This complementarity is why AI should augment humans, not replace them. The most powerful combination is for humans and AI to work together, a belief reflected in a Workday survey of decision-makers, 93% of whom believe in the importance of keeping the human in the loop when AI is making significant decisions.
Second principle: The expert fusion of AI, heuristics and optimization is key
AI can also model problems at scale to produce more precise recommendations, such as greater demand forecast accuracy or better predictions of on-time delivery. Precision is also a benefit of optimization, a field of AI familiar to many in supply chains for its ability to make the best use of resources within constraints to accomplish an optimal solution with a specific objective, such as minimizing costs. But here scale can be a challenge: optimizing a supply network can involve 200 million interdependent variables, slowing even the fastest optimization solver down by hours. Instead some turn to heuristics, a problem-solving model that utilizes a practical solution, or best practice, to produce a quick and feasible course of action good enough for the situation.
So these various mathematical models can offer speed, precision, and elegance, but with trade-offs. However, the newest, fanciest math isn’t necessarily better, no matter what you might hear in the fog. Generative AI is not the right approach to most of our classic supply chain problems, for which heuristics offer unparalleled agility. Deep learning has very specialized applications perfect for the “right” problem but not most, particularly given its greater complexity.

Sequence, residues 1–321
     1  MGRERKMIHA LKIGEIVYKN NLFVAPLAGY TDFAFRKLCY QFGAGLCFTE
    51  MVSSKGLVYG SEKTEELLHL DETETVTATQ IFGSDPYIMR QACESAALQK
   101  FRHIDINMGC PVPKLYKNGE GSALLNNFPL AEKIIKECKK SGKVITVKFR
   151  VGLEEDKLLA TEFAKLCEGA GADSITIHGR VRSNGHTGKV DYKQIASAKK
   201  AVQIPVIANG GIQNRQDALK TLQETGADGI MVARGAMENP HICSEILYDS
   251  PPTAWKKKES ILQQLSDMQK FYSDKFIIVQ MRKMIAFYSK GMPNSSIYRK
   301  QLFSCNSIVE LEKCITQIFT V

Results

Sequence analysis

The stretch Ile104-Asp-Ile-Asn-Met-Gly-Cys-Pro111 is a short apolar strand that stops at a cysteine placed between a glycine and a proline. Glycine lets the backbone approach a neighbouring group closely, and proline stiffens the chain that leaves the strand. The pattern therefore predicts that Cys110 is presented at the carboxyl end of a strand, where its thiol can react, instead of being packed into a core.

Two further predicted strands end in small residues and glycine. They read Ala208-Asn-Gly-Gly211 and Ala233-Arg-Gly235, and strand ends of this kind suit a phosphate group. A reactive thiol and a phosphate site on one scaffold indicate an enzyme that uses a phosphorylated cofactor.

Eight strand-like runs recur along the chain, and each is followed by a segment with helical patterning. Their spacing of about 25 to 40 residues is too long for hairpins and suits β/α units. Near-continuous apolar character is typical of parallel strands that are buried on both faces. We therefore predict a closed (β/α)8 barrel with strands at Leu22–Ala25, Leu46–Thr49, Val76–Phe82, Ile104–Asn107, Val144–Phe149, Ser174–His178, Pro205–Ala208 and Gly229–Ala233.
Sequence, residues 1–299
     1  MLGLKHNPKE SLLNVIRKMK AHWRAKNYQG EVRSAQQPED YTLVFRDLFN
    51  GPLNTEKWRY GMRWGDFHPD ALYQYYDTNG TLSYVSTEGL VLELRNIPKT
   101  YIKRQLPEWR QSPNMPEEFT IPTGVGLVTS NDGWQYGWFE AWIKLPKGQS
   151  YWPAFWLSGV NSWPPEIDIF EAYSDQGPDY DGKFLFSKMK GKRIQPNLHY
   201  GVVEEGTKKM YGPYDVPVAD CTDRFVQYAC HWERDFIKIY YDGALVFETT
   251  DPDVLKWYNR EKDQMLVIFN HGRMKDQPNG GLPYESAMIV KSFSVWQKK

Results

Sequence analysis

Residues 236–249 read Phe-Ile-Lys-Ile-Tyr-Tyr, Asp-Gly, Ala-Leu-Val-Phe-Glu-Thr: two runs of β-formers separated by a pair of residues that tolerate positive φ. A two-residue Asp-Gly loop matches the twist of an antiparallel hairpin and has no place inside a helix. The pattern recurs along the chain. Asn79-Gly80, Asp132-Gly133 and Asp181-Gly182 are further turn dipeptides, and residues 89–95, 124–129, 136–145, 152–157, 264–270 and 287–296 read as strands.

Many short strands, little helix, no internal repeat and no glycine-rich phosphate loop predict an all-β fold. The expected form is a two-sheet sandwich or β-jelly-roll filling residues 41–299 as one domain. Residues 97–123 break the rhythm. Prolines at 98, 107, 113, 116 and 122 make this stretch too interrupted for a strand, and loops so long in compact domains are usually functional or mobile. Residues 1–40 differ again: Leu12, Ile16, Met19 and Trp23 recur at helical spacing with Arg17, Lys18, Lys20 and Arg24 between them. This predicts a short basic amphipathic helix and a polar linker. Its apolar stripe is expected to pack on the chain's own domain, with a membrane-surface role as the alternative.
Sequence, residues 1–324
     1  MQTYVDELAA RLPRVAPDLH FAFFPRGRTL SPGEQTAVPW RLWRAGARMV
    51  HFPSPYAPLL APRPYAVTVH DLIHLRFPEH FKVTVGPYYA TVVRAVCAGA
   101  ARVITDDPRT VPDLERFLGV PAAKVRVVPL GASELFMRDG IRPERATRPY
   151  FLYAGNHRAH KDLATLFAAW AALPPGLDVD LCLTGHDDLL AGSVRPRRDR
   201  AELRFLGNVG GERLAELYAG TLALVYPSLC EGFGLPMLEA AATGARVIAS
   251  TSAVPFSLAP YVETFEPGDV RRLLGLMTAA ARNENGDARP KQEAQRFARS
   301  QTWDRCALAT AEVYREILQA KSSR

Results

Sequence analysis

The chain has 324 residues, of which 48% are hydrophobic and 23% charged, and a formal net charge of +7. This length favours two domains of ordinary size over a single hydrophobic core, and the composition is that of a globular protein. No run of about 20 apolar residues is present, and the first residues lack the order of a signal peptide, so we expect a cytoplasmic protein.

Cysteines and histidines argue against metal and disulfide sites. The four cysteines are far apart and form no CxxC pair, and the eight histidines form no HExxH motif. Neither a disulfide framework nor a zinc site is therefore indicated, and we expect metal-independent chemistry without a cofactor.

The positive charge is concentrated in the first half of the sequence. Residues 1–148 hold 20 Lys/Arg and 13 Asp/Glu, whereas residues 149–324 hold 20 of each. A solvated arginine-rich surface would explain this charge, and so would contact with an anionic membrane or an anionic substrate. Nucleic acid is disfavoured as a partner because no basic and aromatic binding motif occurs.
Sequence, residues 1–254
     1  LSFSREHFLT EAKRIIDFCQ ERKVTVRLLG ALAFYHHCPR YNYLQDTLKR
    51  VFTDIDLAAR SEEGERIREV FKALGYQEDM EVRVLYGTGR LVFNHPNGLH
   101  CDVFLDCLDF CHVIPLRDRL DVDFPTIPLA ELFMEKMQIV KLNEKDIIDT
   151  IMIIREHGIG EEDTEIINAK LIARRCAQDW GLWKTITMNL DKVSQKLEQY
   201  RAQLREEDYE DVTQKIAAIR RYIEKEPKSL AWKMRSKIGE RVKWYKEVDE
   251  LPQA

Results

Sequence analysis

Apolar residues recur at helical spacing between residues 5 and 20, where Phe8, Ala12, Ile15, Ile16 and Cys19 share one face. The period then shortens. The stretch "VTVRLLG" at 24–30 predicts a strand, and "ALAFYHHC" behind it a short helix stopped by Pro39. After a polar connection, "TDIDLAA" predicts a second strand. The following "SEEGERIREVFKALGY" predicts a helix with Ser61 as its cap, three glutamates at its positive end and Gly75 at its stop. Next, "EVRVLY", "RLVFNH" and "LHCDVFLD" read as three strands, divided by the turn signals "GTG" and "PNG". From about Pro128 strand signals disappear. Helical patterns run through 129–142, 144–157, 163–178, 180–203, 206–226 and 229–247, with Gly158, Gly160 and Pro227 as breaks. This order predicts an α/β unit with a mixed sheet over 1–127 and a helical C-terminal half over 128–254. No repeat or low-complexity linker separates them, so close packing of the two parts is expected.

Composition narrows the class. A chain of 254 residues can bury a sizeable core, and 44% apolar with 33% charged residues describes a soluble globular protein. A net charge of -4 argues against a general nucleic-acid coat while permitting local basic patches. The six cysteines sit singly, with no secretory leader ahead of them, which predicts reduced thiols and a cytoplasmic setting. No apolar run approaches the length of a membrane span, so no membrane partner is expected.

A fusion of methods, like machine learning and heuristics, can “warm start” an optimization model and speed up the ability to solve it, creatively combining the strengths of each approach to achieve an equilibrium of speed, precision and elegance. Keep your hands on the wheel in the fog and remember that the most elegant solution is one that uses the right model for the right problem at the right time, no more, no less.
Third principle: Concurrency amplified by AI is a breakthrough in supply chain management
Supply chains connect many functions across a company and beyond, which is why optimizing one link doesn’t optimize the entire chain. For example, AI can greatly increase the accuracy of forecasts, but we want more than highly-efficient silos. As a trio of Canadian economists argue, “AI can be used to resolve uncertainty, but unless that can translate into aligned decisions all the way down, the fundamental problem—that demand needs to be aligned with supply—hasn’t really been solved. Like the swing of a bullwhip, your own solution has reverberations down the line.” The power of AI on its own is not enough.
The real breakthrough is not from AI but with concurrency, which integrates AI in the workflow to align decision-making across the supply chain for faster response. We want AI for its ability to predict with greater precision, speed, and elegance, and we need concurrency to connect supply chains for better, faster response, no matter what the conditions are. Because AI embedded in concurrency leverages predictions while absorbing the volatility we cannot predict from the inevitable disruptions our supply chains will always face.
Fourth principle: The power of AI must be democratized